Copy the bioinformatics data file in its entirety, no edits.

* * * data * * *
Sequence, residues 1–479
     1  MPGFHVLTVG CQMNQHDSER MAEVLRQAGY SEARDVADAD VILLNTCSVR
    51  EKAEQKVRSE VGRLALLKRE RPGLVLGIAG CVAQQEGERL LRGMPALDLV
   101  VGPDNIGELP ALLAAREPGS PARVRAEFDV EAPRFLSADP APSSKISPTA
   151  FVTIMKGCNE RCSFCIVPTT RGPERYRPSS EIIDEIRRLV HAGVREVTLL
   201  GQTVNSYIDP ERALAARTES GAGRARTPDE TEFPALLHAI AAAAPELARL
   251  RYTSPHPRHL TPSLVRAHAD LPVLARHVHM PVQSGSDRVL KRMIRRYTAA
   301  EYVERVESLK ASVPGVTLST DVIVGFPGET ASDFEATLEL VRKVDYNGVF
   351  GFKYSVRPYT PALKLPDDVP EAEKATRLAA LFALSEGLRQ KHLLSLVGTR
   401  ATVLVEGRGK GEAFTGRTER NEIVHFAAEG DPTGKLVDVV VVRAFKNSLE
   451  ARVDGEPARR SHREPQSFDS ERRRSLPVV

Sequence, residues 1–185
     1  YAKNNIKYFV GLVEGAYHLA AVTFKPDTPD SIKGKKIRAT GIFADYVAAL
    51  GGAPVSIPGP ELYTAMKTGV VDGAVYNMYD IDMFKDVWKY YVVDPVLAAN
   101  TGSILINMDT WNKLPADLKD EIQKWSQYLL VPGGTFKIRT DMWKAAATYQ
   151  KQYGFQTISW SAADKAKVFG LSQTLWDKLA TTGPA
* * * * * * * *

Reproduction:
Sequence, residues 1–479
     1  MPGFHVLTVG CQMNQHDSER MAEVLRQAGY SEARDVADAD VILLNTCSVR
    51  EKAEQKVRSE VGRLALLKRE RPGLVLGIAG CVAQQEGERL LRGMPALDLV
   101  VGPDNIGELP ALLAAREPGS PARVRAEFDV EAPRFLSADP APSSKISPTA
   151  FVTIMKGCNE RCSFCIVPTT RGPERYRPSS EIIDEIRRLV HAGVREVTLL
   201  GQTVNSYIDP ERALAARTES GAGRARTPDE TEFPALLHAI AAAAPELARL
   251  RYTSPHPRHL TPSLVRAHAD LPVLARHVHM PVQSGSDRVL KRMIRRYTAA
   301  EYVERVESLK ASVPGVTLST DVIVGFPGET ASDFEATLEL VRKVDYNGVF
   351  GFKYSVRPYT PALKLPDDVP EAEKATRLAA LFALSEGLRQ KHLLSLVGTR
   401  ATVLVEGRGK GEAFTGRTER NEIVHFAAEG DPTGKLVDVV VVRAFKNSLE
   451  ARVDGEPARR SHREPQSFDS ERRRSLPVV

Sequence, residues 1–185
     1  YAKNNIKYFV GLVEGAYHLA AVTFKPDTPD SIKGKKIRAT GIFADYVAAL
    51  GGAPVSIPGP ELYTAMKTGV VDGAVYNMYD IDMFKDVWKY YVVDPVLAAN
   101  TGSILINMDT WNKLPADLKD EIQKWSQYLL VPGGTFKIRT DMWKAAATYQ
   151  KQYGFQTISW SAADKAKVFG LSQTLWDKLA TTGPA